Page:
In 17th-century Hungary, elderly widow Countess Elisabeth Nádasdy maintains her misleading youthful appearance by bathing in the blood of virgins regularly supplied to her by faithful servant Captain Dobi.
After his death sentence is commuted to life in prison, John Resko is transferred from Sing-Sing to Dannemora where, with the help of a humane prison guard, he becomes a rehabilitated man and a successful painter.
It's the spring of 1944 and Therese is in a hurry to get back to Paris. The trains aren't running from the village where she has gone to visit her father's grave and to fill two suitcases ... See full summary »
Former psychiatric patient Martin Ashley is declared sane and released from an insane asylum. He works as gardener and chauffeur for a wealthy woman in Beverly Hills. Tired of being verbally abused, he kills her and surrenders to police. During the court proceedings, it is revealed that Ashley burned one million dollars of his employer's money because he considered money to be the source of all evils. The court deems him insane and returns him to his old insane asylum into the care of his old psychiatrist, Doctor Edwina Beighley. The estate's executor, Harley Manning, believes that Ashley is faking insanity and has murdered the old lady for her money. Manning believes the money wasn't burned but stashed away somewhere. He hires an actor, Dale Nelson, to feign insanity in order to be sent for psychiatric evaluation at the same institution where Martin Ashley is. For a fee, Dale Nelson agrees. He commits a misdemeanor and the court sends him for a 30 day evaluation at the psychiatric ...Written by
At one point, Dr Beighley shows colleagues some amateur home movies demonstrating her interacting with animals at a zoo. Although quality of film is unpolished, supposedly amateurish film is heavily-edited, filled with reverse angles, close-ups, inserts, etc. that is clearly the work of a professional film crew, not simply a photographic record on a home movie camera. See more »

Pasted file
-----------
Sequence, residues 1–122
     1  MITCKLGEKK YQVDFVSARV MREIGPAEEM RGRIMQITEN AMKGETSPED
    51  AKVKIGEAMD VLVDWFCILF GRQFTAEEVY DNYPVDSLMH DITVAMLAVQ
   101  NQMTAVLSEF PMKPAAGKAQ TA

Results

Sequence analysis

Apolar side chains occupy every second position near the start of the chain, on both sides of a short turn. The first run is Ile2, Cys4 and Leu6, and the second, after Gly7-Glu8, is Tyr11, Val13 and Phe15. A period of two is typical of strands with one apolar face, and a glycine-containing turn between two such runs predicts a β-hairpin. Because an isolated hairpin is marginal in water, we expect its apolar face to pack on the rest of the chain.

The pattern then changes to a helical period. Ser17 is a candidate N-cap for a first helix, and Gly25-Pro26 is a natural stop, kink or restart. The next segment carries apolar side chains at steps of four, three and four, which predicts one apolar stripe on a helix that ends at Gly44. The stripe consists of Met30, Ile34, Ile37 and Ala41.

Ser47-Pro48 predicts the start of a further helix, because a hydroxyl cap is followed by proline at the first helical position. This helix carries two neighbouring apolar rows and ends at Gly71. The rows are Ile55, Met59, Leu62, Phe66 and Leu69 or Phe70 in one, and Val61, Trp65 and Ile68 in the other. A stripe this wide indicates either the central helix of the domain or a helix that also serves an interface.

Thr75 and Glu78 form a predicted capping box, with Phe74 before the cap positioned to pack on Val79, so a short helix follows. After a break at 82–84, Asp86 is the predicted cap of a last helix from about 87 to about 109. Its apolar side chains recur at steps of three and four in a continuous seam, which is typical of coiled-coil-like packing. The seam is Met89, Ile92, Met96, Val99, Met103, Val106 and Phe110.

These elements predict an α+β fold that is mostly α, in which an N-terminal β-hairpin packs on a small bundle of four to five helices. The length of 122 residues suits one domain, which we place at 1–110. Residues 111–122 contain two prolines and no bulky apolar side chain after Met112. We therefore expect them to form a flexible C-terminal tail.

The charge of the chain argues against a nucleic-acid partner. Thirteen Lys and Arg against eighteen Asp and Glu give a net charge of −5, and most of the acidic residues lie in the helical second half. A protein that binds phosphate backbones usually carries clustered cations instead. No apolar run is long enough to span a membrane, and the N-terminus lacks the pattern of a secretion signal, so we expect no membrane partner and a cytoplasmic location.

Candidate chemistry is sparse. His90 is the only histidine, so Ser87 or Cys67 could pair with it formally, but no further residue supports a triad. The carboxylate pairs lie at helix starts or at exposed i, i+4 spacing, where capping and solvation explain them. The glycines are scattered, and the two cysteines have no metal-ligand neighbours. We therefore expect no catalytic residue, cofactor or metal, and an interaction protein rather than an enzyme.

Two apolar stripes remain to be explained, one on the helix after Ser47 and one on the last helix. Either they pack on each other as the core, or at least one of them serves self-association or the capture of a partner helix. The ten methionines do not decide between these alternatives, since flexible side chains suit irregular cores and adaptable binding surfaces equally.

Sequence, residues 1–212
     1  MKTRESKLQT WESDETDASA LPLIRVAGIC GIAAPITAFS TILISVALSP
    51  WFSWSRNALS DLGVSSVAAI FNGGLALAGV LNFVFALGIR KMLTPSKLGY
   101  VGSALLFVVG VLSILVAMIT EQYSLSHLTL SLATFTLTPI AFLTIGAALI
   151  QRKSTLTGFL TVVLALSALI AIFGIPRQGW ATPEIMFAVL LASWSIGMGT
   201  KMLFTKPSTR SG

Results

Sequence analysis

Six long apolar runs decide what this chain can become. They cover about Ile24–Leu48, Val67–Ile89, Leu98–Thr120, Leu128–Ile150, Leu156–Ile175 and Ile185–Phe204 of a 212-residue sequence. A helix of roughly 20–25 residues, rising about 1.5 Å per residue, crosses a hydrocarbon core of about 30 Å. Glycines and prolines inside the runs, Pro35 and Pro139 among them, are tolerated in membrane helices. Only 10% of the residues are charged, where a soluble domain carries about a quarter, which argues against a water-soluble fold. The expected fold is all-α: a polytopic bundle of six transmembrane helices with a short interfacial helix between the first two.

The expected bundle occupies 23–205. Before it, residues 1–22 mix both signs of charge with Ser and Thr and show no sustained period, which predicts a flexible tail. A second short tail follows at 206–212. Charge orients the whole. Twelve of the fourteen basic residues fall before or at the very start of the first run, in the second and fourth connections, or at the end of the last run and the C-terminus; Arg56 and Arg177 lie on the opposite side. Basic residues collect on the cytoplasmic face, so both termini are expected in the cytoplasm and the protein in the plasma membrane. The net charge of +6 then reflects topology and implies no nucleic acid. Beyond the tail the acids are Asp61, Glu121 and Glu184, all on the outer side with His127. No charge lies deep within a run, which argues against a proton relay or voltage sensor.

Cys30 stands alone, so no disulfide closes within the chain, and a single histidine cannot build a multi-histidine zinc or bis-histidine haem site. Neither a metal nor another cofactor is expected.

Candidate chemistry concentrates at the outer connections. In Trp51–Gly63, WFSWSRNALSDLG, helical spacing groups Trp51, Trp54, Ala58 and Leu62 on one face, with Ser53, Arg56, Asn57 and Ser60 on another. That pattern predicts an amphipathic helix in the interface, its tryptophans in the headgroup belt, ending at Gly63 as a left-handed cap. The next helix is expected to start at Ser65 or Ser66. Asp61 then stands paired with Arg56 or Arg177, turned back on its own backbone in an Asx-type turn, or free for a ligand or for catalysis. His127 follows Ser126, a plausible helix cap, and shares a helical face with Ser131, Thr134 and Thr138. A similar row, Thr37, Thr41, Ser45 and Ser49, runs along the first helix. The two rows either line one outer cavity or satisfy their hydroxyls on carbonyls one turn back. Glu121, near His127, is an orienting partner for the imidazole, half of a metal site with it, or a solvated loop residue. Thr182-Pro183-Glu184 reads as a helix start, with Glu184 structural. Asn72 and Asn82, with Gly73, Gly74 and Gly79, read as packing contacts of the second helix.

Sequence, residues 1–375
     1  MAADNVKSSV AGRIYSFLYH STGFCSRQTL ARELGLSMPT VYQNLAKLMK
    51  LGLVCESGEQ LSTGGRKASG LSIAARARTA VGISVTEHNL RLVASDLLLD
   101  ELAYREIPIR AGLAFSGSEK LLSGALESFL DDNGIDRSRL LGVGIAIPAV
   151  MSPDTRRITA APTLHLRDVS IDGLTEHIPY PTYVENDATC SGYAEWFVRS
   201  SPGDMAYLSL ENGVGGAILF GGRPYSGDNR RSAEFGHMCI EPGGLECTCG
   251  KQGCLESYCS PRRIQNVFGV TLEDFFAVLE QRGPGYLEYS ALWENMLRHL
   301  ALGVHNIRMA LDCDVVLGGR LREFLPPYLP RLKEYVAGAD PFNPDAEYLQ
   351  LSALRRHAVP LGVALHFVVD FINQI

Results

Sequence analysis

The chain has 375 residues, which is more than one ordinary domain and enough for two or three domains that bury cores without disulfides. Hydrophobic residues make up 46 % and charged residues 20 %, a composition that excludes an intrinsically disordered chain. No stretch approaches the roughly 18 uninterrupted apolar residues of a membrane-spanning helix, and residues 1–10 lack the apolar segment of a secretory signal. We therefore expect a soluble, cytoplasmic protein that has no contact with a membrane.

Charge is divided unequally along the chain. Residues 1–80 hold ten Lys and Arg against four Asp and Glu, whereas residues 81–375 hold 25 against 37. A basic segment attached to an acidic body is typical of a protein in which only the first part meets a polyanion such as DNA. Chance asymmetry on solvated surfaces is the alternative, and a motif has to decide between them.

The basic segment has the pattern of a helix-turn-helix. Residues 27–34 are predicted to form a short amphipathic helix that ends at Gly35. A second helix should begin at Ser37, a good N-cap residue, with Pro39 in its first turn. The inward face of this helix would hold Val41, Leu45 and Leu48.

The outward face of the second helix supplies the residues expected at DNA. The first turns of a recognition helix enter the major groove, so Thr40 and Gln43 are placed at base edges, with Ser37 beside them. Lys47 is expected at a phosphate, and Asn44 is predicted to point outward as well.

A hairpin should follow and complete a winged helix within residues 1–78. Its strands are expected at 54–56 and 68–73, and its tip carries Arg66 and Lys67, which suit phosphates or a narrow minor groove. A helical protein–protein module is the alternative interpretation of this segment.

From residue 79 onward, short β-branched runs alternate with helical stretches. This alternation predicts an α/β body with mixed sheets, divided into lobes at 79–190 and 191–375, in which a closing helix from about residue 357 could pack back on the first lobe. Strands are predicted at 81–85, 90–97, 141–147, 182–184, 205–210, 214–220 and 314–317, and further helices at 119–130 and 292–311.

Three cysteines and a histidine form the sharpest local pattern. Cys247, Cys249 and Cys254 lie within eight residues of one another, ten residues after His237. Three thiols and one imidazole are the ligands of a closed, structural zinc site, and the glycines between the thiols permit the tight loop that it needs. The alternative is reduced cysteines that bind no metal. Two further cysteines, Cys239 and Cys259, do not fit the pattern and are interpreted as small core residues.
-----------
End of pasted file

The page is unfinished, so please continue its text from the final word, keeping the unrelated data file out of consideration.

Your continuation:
You don't know me, Mr Nelson...
Yes, I do; aisle seat, second row all week. If we had a hundred customers like you, we wouldn't have to close this show tonight.
I'm rather glad you did close. I have a proposition, may interest you.
Listen, mister, you've been hanging round the wrong stage door.
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Bacall's Dr. Beighley precedes Nurse Ratched by several years...
Mental shenanigans involving an actor (Stuart Whitman), apparently so desperate for money he'll accept any insane proposition lobbied his way, who masquerades as a mental patient in an asylum. He's hoping to get crucial information out of another patient (Roddy McDowall) on the whereabouts of some hidden loot--but unfortunately, he runs afoul of doctor Lauren Bacall (doing a Nurse Ratched years before her time). Delirious, over-the-top melodrama that's actually a hoot if watched in the requisite silly spirit. Whitman keeps a straight face throughout and actually wins the viewer over, but McDowall is just awful and Carol Lynley is hilariously mercurial as a patient with glossy, shampooed hair. This show rightfully belongs to Bacall, pulling off an extreme role with her usual rigid-jaw aplomb. ** from ****
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